Joseph Flannery, a public affairs officer with Tahoe national forest, says the area is experiencing an unusually high demand for campgrounds. For the months of June and July, most of the campgrounds were 100% reserved during weekend periods and many were 100% reserved midweek.

Flannery says popular campgrounds such as Granite Flat have experienced a 207% increase in occupancy this year compared to 2019, while less popular campgrounds saw a 300-432% increase in occupancy.

People congregate at the Tunnel View lookout in Yosemite national park.
People congregate at the Tunnel View lookout in Yosemite national park. Photograph: Ezra Shaw/Getty Images

Another indicator of increased visitation is the number of escaped campfires, eg fires outside of designated camping areas, Flannery says. Escaped campfires require suppression and can even become full-blown wildfires, stretching wildland firefighting resources to the limit.

Tahoe national forest employees found that the number of escaped fires in 2020 which required a firefighting response was more than 225% higher than the previous record, set in 2018.

Flannery adds that all national forests in California, are currently under campfire restrictions and that in California, about 95% of all wildfires are caused by humans.

Dyana Kelley, president of CampCalNow, an alliance of private campgrounds and RV parks, says the summer crowds have tripled the amount of work that a campground employee takes on – while being short on staff due to the pandemic.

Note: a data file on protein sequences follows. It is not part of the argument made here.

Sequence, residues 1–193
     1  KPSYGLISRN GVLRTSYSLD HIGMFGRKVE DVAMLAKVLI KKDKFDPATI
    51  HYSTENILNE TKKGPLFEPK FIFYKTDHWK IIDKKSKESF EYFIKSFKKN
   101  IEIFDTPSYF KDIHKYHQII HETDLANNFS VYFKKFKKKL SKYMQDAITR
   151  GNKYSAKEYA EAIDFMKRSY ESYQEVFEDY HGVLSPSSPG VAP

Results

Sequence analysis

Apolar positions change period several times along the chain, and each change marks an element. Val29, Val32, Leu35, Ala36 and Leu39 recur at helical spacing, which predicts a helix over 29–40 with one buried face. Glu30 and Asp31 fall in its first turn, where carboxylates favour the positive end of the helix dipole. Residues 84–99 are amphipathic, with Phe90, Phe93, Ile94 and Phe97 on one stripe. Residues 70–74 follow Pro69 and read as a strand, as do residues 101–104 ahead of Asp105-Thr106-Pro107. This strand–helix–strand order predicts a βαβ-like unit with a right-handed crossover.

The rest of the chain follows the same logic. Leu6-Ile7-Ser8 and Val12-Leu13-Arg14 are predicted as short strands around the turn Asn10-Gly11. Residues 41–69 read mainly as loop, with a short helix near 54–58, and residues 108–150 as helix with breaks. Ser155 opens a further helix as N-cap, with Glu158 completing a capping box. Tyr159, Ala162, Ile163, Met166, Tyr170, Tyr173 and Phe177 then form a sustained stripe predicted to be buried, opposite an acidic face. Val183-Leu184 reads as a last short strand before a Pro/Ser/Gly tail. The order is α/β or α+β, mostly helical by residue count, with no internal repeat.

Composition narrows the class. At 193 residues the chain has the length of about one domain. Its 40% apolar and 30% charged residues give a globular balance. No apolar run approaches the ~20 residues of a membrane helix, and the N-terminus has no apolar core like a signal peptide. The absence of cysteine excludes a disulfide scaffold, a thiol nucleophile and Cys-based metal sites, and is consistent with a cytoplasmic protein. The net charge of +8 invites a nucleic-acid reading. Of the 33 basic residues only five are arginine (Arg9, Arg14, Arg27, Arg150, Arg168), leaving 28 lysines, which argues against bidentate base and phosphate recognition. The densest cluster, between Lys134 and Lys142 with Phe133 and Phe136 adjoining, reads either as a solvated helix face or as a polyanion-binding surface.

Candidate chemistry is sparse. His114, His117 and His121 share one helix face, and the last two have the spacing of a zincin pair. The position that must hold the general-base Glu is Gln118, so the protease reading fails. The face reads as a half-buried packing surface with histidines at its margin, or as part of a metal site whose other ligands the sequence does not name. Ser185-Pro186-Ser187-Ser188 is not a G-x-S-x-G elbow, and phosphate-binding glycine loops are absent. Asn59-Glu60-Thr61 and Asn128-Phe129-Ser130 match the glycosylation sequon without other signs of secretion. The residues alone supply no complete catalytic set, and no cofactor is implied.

“They’re cleaning up unsurmountable garbage, they’re being bouncers, closing parking lots, sanitizing and wiping things down,” she says, adding that these employees are often seasonal, unsalaried workers. “They didn’t sign up for that aspect of the job. They wanted to do nature walks because that’s what they’re passionate about.”

Marta Jerebets and Arthur Pettit pitch their tent on a campground at Joshua Tree national park on 19 May.
Marta Jerebets and Arthur Pettit pitch their tent on a campground at Joshua Tree national park on 19 May. Photograph: Jae C Hong/AP

Kelley predicts that despite some of the challenges, the boom is ultimately a good thing that will introduce many many first-time campers to the joy of the outdoors. “With all the different types of camping available out there, like glamping and people are discovering that it’s so much fun,” she says. “I think people will find that being forced out of their comfort zone has really opened some new doors for adventure.”

Craig Sap, a district superintendent with the California State Parks, Angeles district, says that camping is often better managed than other California outdoor activities, like going to the beach. Campgrounds in his area, which includes Malibu, filled up consistently even before the pandemic. Now, the state park officials have capped the campgrounds at 70% capacity to leave space between campers.

“The beach is a free-for-all,” he says. “But we have the ability to manage and maintain capacity. We know how many people are going to be there and we know our resources – how much water, electricity, paper towels – they will need.”

Giesige had planned to backpack in Yosemite earlier this year, and wanted to reschedule the trip early this fall, but the crowds have been daunting. “We said screw it and we’re going to aim for the end of this year or early next year,” he said. “It’ll be interesting to see what happens next year or to those who brave camping during the winter.”